Jul 06

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From Worst to First (Part II)


From Worst to First (Part II)

My first day on the job was March 7, 2016. The Rams had missed a lot of the recruiting season, but the incoming class wasn’t nearly as important as the culture of the team they were coming to. The team needed a sense of confidence. It needed a sense of unity and camaraderie. I have had, and always will have an open door policy in my office. Players will come by to talk about literally anything. I take every opportunity I can get to know each player on a personal level. I met with every player for about 30 minutes just to chat and get acquainted.

The team’s new expectations weren’t being met by everyone. Two players were released very early. One was released because he fell behind significantly in his mandatory study hall hours, and another because he was missing workouts. I expressed to the team that I don’t believe in part time heroes – If a player is a slough-off in the class room, he’ll be a slough-off on the field. I told them that A students tend to keep getting A’s, and F students tend to keep getting F’s. I’d rather pull weeds in the offseason when it doesn’t cost us a game. Another player was cut for discipline reasons.

Football players are ambassadors for the team – no matter where then go or what they do – they are still a Ram. You may not know a single person in the room, but count on it – many will know you! The last player I released was simply due to not fitting in. Sometimes, as a coach, you try to do everything you can to help a kid out. I’ve always kept in mind that each kid has been dealt a different hand in life – so you have to deal with each situation accordingly.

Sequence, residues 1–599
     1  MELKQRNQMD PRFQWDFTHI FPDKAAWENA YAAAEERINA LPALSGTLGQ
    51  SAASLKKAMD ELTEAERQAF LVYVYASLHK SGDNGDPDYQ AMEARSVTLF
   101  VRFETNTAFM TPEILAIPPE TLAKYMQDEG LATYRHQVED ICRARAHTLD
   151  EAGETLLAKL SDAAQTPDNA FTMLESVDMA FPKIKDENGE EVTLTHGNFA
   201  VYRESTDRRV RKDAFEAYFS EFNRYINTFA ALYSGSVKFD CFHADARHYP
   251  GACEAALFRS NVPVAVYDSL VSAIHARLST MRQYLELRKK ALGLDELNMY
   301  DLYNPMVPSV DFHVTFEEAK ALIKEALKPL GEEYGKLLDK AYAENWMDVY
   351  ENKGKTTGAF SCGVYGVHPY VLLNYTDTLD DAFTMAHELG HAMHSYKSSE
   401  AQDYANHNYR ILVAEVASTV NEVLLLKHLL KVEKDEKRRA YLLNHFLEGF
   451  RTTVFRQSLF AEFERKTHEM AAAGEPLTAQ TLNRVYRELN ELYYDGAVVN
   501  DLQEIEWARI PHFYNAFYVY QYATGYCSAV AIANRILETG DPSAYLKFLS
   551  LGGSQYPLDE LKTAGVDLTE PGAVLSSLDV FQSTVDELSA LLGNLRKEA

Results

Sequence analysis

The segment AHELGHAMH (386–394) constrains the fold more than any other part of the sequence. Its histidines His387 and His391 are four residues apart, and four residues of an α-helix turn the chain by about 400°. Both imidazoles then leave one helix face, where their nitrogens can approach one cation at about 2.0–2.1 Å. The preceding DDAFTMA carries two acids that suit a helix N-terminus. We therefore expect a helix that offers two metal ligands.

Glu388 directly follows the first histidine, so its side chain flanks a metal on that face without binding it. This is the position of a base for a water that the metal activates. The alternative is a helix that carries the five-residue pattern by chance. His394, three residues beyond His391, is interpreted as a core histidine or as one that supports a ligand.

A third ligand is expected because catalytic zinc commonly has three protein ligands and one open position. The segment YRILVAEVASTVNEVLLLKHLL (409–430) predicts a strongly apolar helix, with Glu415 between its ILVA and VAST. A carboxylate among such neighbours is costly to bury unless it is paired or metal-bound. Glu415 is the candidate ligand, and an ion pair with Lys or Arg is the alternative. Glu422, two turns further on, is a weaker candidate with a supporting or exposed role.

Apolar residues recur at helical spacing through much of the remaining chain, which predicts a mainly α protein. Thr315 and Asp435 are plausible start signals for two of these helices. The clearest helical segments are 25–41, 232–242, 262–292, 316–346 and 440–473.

This player had a rough background, but he was very likeable and he was an extraordinary talent. After many attempts at remediating his behavior – which included falling asleep during film sessions, out of dress code on a flight, and being argumentative with coaches, I let him go. I’ve always believed in addition by subtraction. When a gardener pulls his weeds, then his good plants get an opportunity to flourish. And that is

what happened with us; we pulled some weeds, and the rest of the team flourished! I wanted to get rid of malcontents and negativity, and the easiest way to do it is identify it and eliminate it. And we were left with a locker room full of players who would run through a brick wall for each other. We have no slackers and no part time heroes!

Our coaching staff was completely in sync. Half of our coaches are alumni, so we were very motivated to return the team to a sufficient level of prominence that would make us proud to be a part of. My first feedback that the changes we had implemented were making a difference was during an exhibition game. We lost our exhibition game to the University of Calgary, and I talked to the players after the game. I let them know that after losing to a perennial powerhouse in a close game that I believed in them! I told them we have what it takes to win every game this year – and if we pull together tight enough we could go all the way and win a National Championship! While walking back to the locker room I overheard one of the players talking to a group of teammates. “Did you hear that? The Coach believes in us,” he said. I was shocked that this was unusual for them, but I kept that too myself – I don’t want any doubt creeping in with the players.

We went on to a 6-2 record and first place in the Canada West Conference. We had our best finish in 20 years. We hosted a playoff game in which we lost a close contest to the defending national champions, 40-34. The most important part of our team’s turnaround is that the players now believe that no matter who they are facing on the field, it is the strength of unity that makes them formidable. At the end of the year I told them how proud I was of them. How inspired I was by their hard work and willingness to give of themselves completely to the team. We left this season with a sense of unfinished business! We now look at each other as a source of strength. Lastly, I told them that I look around the room and I see 80 or so people that I want holding on to the other end of my rope. I’m certain that I’m being pulled up!



About the author

Coach Stephen Bryce Head Coach University of Regina

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